Big, bold, noisy and hungry. Sulphur-crested Cockatoos are working in the wattles that have seeded
“Our’ Jacky Winter young. The nest is near falling apart, and the young still have a few days to go to fledge. Jacky made it quite clear today, that we were not welcome. So we moved on quickly
Normally at this time of the year the forest would be ringing with the calls of hundreds of Dusky Woodswallows. Again, it is feared they are in decline, and this is the first season we’ve seen so few. But those that have come down, have wasted no time in getting off their first batch. This pair are feeding two young
Two Black Kites were in the air having the best time on the strong winds. it really deserves a blog page of its own to describe and show the antics of this couple of birds, but two should do eh?
And finally two of the Tawny Frogmouth from the Children’s Playground park. Other photographers, you know who you are Lyndell, seem to be able to get them on days when they are low down, in the open and all together. They seem to be quite happy to sit in the trees while kids play about on the swings and climbing things just metres below.
We, EE, Mr An Onymous and I had gone up to Eynesbury for the Eynesbury Environmental Group’s Sunday walk in the forest.
We motored up in style in the An Blackmobile, and what other colour would Anonymous chose. (Let’s not go there).
We arrived in good time, thanks to great navigating by the unnamed driver. Chris, he of the awards, was waiting in the car park and the sun was shining. How good.
We waited for the rest to arrive, and heard a unusal call in the tree line at the carpark. A little searching and lo and behold, to our astonishment, and joy and delight, let it be said, there was a Swift Parrot at work in the tree, feasting on lerp.
Still in the Little Visits Mode:
The monthly Birding Walk at Eynesbury was on again today.
We drove into the Grey Box forest in the warm sunshine, and slowed down to enjoy the play of the light among the trees. It has rained overnight and there was that wonderful distinct crispness to the air and the whole forest seemed to sparkle in the moment. The great Grey Box stood soaking up the light and the tones of the light playing over their trunks was a delight to see.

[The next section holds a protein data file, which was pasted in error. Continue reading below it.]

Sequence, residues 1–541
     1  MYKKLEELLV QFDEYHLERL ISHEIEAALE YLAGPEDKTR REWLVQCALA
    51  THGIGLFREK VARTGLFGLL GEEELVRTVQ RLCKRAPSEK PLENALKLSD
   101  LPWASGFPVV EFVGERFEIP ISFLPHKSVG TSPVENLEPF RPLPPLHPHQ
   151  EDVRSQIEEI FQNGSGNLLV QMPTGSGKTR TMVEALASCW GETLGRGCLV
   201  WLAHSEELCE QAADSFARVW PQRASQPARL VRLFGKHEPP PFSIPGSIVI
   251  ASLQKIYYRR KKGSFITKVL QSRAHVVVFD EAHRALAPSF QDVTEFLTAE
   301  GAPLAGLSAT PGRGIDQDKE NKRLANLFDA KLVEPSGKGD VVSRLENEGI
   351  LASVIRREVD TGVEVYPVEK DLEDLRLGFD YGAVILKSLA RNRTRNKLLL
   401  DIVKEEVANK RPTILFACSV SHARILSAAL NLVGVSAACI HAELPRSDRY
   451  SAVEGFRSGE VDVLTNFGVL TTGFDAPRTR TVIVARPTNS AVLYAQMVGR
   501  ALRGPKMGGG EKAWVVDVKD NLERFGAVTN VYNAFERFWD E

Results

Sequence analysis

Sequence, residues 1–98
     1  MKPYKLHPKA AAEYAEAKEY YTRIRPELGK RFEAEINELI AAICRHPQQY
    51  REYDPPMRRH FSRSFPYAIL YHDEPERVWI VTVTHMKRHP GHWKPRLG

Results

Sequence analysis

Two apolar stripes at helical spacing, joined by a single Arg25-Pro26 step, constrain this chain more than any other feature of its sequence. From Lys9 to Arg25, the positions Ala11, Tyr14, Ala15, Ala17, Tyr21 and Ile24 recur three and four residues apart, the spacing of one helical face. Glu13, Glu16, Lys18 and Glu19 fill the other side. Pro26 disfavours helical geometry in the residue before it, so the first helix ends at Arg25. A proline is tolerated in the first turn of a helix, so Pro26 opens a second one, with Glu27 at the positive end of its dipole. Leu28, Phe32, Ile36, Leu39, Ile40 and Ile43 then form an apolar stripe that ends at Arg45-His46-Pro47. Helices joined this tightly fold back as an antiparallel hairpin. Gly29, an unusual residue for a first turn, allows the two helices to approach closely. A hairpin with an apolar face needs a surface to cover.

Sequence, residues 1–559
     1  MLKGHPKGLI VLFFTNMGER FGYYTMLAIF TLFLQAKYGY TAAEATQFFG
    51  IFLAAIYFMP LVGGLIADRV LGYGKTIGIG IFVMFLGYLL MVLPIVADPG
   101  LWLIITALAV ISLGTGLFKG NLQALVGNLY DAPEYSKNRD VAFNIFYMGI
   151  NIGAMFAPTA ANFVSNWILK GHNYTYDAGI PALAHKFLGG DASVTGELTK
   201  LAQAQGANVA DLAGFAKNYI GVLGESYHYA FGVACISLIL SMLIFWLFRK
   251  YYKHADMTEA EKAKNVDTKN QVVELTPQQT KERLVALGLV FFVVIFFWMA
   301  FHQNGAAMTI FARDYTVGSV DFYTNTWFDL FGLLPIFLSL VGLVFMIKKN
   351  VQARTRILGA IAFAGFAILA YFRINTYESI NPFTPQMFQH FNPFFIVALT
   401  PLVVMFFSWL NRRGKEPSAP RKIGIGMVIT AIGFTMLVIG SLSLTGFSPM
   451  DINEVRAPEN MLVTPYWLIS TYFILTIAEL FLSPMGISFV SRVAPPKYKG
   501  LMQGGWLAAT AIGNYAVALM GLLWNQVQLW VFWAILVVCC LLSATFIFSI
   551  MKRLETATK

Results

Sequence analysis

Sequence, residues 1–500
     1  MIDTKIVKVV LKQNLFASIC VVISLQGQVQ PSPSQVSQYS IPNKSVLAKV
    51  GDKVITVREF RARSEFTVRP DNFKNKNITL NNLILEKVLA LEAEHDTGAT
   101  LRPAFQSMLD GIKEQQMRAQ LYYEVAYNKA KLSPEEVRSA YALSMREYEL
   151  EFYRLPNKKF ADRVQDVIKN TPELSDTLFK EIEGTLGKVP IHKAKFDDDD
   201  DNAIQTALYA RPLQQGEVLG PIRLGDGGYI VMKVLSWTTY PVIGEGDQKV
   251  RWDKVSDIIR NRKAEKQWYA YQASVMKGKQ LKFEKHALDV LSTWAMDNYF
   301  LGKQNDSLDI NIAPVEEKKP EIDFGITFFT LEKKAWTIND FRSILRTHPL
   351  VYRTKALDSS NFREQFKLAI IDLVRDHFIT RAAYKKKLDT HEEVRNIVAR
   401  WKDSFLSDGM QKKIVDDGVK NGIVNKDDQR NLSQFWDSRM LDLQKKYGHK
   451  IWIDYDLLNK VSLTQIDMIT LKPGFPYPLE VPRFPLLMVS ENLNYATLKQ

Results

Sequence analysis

The monthly Bird Walk at Eynesbury rolled around and the calendar clicked over the last Sunday in the month, so we looked out the window, and sure enough Sunshine!
So Sunshine, we headed out to Eynesbury to catch up with the group of locals in their exploration around the Grey Box forest.
Chris had initially planned on being away, and asked another local, Leigh, to take the day. As it turned, Chris turned up anyway. Nice to catchup.
The sunshine added to the recent rain made the open areas around the housing estates glow in most impressive green with lots of new growth coming on.
So we set out for a looksee along the river gorge to the east. In times past before the housing establishment, a small creek drained water outward the gorge and as it tumbled over the rocky edge a wonderful waterfall would suddenly appear. And. Today was such a day. The little creek has now been somewhat controlled to a drain-way through the estate, but in the last few hundred metres runs over the rocky ground, forming little pools as it goes. Then. Taking is self to the edge, it plunges down the 30 or so metres to empty into the creek, that runs toward the Werribee River. And spectacular it would be too in full flood and great light, but I was just a bit late as early morning shadow hid the sparkle of the water.
For a birding day, it was a bit quiet, even for me and my missing bird karma as Mr An Onymous puts it.
We did manage a fine Eastern Yellow Robin, an Eastern Spinebill and a couple of Crested Shriketits as we strolled along one of the forest tracks. And so another birding morning came to a close, lots to talk about, plenty of things to share about the few birds we did see, and to get a perspective of the area from Leigh’s point of view. He has been in the area almost since its inception and gave a fine running commentary of points of interest along the way.
EE and I took a cuppa by the lake, and then headed down to see the Tawny Frogmouths in the local park-area. See the May report for details. Sure enough, dependable as clockwork there they were. One has added an additional extra piece of camo to the perch as a branch has broken off higher up and now obscures the perching branch very well.
Off to look for Flame Robins, but no luck there either, and it was time for home, just as we went past the old shearing shed area a small shape darted into the tree. A Speckled Warbler. And to make its point is warbled away quite merrily. Just about managed to get off a couple of shots before it was gone. Looking at it the shots, it’s no wonder they are so hard to spot given the wonderful markings on the feathers that blend into the scrub so well.
Thanks to Leigh and Chris for the day, and also to everyone who turned up and enjoyed both the sunshine and the birds. Looking forward to the July Sunday.
All we needed were some grey birds and it would have been complete.
We turned up at the monthly Eynesbury Residents Birdwalk. Did one back in April see details of the area in that post. Details Here
This time the lake was in fact a, lake!. Water had been added and the ducks were happy and in residence again. And there was a “Farmers Market” in full swing. Make note to self, leave earlier, bring wallet, and enjoy some shopping therapy before the walk in June!